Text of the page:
As a former motocross rider, I could only share a bit of my passion here through photography. Instead of showing you some of my own portfolio pictures, I thought I’d introduce you to one of the best professional photographers in this field. And one of the reasons I chose him was because he works for several big motocross magazines and pro-teams to cover the US outdoor championship and the world championship too.
You’ve dreamed about it? Here it is! As I promised you while sharing Cyril Verron’s interview, you can find here the tutorial of one of Cyril’s most outstanding pictures. I want to thank Cyril for revealing some of his secrets and of course for the time he took to share his knowledge with us. So without any further due, let’s start now!
First, let’s see its EXIF data obtained with his Canon 5D II and Canon EF 100mm f/2.8L IS USM Macro Lens and then I let Cyril explain everything (Editor’s note: Translated from French, descendez tout en bas pour voir la version Francaise):
Focale lenght : 100mm
ISO : 100
Aperture : f/3.5
Speed : 1/320 sec
In the Field
They’re quite common data so let’s get an in-depth analysis with Cyril himself:
“Draw the light” is a photograph that I took in April 2012. At this time, I was especially working and training on my compositions without my own personalized settings that I use henceforth, like the white balance or the color saturation. Continue reading Macro Photography Tutorial by French Photographer Cyril Verron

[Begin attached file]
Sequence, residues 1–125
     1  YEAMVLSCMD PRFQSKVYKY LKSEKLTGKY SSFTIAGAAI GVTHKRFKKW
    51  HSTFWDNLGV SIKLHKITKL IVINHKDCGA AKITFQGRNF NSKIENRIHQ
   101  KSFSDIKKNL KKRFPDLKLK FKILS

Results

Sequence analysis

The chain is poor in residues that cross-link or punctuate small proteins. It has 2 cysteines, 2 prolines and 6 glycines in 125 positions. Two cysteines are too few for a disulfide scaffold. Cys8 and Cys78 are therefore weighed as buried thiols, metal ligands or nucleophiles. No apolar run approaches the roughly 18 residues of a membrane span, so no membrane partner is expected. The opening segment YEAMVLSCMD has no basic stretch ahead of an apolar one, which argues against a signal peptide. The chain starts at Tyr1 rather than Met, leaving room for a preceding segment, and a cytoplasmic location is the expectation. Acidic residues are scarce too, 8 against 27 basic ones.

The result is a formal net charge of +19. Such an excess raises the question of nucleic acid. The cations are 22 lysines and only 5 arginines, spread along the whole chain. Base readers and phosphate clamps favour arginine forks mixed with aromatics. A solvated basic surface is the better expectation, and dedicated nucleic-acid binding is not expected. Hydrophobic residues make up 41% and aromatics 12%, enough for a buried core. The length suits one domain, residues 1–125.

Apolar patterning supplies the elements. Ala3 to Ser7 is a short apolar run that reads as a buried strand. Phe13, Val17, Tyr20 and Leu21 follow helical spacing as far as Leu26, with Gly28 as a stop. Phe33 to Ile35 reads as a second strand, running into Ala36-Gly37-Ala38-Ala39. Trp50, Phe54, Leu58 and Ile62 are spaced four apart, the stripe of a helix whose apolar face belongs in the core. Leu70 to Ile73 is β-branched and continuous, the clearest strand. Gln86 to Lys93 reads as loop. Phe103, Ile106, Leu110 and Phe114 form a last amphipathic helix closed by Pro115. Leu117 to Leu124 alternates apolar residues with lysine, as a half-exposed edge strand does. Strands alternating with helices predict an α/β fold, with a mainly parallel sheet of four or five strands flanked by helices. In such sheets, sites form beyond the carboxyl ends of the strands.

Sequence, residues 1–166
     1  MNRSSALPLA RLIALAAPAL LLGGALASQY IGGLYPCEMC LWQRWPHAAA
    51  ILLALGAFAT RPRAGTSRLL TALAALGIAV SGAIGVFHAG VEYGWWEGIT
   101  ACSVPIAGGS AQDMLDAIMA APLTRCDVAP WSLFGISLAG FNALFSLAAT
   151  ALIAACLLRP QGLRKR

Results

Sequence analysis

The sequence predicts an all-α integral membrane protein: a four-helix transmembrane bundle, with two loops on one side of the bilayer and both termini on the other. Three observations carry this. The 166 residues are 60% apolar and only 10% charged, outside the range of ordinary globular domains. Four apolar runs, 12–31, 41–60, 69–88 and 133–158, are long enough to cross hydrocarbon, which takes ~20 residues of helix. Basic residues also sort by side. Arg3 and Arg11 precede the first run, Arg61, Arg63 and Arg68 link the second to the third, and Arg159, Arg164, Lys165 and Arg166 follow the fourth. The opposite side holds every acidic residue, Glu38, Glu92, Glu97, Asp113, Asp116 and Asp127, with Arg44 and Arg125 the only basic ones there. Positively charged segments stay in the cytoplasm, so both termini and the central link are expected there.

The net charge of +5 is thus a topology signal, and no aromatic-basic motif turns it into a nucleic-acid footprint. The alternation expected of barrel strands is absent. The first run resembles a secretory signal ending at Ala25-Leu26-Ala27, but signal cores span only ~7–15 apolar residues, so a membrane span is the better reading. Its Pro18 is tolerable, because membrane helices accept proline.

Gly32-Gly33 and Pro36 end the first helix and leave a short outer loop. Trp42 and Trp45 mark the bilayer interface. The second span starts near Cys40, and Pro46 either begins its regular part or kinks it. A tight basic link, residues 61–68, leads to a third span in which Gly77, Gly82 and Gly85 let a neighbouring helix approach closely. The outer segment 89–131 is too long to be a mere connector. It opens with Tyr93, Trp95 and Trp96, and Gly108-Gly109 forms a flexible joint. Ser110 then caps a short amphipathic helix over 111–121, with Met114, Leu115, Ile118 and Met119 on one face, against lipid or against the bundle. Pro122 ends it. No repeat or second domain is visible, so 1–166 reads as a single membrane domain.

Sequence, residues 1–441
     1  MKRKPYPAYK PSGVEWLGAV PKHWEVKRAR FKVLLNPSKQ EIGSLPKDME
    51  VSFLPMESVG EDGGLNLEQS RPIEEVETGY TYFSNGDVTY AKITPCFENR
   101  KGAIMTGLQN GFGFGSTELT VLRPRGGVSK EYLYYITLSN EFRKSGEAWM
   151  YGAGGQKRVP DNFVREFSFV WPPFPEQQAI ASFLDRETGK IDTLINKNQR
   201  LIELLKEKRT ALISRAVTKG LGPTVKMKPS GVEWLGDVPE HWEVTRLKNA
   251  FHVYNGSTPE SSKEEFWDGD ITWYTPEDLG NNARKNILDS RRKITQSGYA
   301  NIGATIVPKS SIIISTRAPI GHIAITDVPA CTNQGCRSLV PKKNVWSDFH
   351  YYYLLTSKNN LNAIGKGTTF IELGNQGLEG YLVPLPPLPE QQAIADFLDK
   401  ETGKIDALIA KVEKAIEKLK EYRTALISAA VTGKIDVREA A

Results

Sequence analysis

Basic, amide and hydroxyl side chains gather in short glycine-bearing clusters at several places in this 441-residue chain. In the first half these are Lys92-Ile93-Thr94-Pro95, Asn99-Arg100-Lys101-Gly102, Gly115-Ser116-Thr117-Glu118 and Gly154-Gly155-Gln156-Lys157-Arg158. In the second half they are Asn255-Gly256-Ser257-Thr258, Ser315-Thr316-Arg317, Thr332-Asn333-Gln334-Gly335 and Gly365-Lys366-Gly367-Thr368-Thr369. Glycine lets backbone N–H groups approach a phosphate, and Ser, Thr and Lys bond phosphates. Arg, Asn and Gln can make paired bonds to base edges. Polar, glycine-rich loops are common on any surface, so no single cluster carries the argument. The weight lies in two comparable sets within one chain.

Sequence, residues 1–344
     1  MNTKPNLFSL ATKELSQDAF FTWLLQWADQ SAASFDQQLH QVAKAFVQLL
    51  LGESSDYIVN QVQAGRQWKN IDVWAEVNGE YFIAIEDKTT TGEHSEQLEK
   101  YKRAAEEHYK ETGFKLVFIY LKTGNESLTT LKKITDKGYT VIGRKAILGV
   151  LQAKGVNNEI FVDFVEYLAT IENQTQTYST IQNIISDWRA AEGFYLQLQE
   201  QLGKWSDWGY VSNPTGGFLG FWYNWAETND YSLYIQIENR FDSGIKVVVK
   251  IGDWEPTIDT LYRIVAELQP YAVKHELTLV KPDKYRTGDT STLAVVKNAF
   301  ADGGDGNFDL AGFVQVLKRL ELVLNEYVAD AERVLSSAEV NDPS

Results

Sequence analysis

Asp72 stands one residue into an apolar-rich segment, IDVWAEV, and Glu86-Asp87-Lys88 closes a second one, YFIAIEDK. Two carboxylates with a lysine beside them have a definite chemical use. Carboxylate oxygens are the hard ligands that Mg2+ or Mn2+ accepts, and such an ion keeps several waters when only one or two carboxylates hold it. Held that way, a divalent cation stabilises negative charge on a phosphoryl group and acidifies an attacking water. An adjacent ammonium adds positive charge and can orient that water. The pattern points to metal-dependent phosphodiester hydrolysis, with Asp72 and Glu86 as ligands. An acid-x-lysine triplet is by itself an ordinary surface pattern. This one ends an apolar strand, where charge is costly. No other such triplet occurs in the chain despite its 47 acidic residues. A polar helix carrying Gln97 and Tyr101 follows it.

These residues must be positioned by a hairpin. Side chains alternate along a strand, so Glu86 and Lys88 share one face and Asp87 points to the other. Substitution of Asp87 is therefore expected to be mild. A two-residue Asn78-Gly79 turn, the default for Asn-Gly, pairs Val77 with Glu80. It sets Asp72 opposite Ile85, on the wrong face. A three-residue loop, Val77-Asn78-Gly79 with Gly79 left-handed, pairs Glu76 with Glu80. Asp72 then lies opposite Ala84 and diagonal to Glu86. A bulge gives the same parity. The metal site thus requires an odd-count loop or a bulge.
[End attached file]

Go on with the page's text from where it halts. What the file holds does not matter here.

As you’ve probably read the first part of “My Journey with a Wildlife and Macro Photographer” I will jump right away to the second part of this fabulous experience. If you have not read the first part, you can read it here. After reading this part, I also recommend going back to the first part to see the image samples again with their captions so that you can understand better the explanations.
The Creative Art Philosophy
I see eye to eye with Thomas’ photography philosophy, I mean, even before meeting him I’ve always loved and found the artistic
photographs appealing. It has just consolidated my vision. The purpose is not to take naturalistic pictures where you can identify the species, see how the insect’s eyes are made or it’s little hair. The purpose is more about artistic and fine art photographs. In order to reach this goal, the first thing is not to take big close-ups but on the contrary the environment where the subject evolves must have a bigger impact. Having the subject quite small in the photographs is not a problem, it’s actually the contrary.